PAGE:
Queer movie fest brings the party to schools

Scott Ferguson and Diana Khong stand in front of a plant.

Inside Out Film Festival is ready to bring its youth involvement to the next level, starting with a new free matinee for high school students.

The award-winning documentary, No Look Pass, will play at the TIFF Bell Lightbox on May 25. No Look Pass tells the story of Emily “Etay” Tay, an athlete and first-generation gay Burmese immigrant. Tay struggles to find her place in the worlds of Harvard University, professional basketball, and a traditional family—all while coming out as a lesbian.

The screening has over 100 students slated to attend, say organizers, some of whom will be coming from as far away as Hamilton.

For Scott Ferguson, executive director of the festival, the film’s an opportunity to get kids talking about queer issues in a way that isn’t tokenizing. “There’s such a broad range of subjects addressed and brought up in film,” he says. “The things they’re talking about might not necessarily be outright about bullying or anti-homophobia, but most of them are just raising awareness of what it’s like to be queer—and the normalcy of LGBT identity.”

It’s just one part of their three-pronged “Inside Out Reach” initiative, which they hope will fight youth homophobia and groom a new generation of film buffs along the way. Organizers also plan to bring screenings into schools later this year. And the festival has also taken on youth reporters, who’ll be given all access passes to the festival, then will upload video and document their experiences.

The queer film festival’s demographic “tends to be a little bit older,” says Diana Khong, the festival’s marketing and education co-ordinator. But Inside Out youth reporter Matt Hoffman, 17, is ready to change that. “I want to get people more aware and expand their horizons when it comes to film,” he says.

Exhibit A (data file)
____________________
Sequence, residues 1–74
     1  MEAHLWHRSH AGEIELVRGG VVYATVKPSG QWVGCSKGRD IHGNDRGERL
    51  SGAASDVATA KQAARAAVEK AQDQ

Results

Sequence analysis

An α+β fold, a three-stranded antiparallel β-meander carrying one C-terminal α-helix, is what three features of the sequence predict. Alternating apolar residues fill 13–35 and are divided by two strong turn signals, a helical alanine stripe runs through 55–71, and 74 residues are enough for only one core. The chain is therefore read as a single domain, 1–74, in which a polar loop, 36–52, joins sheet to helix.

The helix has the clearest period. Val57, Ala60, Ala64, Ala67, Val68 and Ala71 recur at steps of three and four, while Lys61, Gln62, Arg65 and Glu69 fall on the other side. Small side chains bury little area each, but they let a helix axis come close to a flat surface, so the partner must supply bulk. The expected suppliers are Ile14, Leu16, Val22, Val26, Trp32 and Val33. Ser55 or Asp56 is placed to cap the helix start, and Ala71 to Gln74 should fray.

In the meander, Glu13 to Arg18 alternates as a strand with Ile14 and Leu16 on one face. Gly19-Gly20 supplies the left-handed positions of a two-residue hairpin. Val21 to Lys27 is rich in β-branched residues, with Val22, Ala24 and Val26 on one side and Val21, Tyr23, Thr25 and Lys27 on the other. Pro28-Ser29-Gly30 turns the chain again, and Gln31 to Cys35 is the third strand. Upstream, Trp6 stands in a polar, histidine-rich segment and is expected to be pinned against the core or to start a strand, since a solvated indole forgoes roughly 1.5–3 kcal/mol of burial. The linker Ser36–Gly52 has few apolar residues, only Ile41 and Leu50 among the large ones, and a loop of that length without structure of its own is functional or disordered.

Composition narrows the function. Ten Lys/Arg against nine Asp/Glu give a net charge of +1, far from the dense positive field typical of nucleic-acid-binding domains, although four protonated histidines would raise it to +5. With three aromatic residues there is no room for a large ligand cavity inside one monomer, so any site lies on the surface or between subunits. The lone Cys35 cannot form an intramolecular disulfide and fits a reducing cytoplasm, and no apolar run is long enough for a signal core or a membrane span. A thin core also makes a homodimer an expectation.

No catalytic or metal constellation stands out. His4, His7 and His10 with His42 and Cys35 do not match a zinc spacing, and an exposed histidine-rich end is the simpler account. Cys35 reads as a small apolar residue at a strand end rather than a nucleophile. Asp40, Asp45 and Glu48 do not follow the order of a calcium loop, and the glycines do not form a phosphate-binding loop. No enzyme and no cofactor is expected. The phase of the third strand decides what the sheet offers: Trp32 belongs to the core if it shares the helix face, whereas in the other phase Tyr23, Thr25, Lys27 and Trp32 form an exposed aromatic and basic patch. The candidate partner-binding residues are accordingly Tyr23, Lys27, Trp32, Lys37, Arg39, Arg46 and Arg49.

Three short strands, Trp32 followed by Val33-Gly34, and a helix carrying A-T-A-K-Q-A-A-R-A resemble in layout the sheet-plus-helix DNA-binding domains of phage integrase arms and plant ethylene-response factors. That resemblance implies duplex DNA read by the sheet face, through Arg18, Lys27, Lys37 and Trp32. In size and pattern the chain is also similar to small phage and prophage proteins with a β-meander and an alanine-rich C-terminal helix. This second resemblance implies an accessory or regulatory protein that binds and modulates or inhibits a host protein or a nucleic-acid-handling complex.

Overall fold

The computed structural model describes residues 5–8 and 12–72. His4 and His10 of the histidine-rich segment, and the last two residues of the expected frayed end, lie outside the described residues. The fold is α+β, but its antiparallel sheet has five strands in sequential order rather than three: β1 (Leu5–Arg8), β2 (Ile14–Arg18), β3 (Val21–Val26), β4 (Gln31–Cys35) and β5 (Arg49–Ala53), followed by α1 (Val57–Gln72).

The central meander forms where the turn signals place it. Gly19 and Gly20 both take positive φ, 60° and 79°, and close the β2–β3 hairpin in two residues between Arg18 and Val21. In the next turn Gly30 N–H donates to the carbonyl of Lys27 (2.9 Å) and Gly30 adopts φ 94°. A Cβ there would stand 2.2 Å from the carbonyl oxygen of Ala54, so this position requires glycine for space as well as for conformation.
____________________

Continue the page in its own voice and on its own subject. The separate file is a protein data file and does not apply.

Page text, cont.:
Hoffmann is a 12th grade student at Thornhill’s Westmount Collegiate. He says that while his own school is generally gay friendly, friends tell him their schools are more homophobic. “People are being told by movies and TV” that homophobia is normal, he explains. His focus is drawing his peers’ attention to alternative media—and letting those stories fight bigotry.

“Everybody loves films,” he says. “One of the biggest issues is that people go to the same kinds of movies and they’re not exposed to different kinds of film…I’m hoping people who get exposed to different kinds of movies will have different outlooks on the way they see things.”

After the festival, organizers want Inside Out’s screening tour to bring challenging movies into high schools all over the Toronto District School Board. Khong says the move out of downtown and into kids’ neighbourhoods was an important one.

“I don’t want it to be preaching to the choir,” she explains. “Inside Out does have a great library of films and it’s a great resource.”

“Wherever you lie, wherever your politics are, just sit down and maybe you will learn something through film.”

An extended version of this article appeared in Xtra! Toronto.


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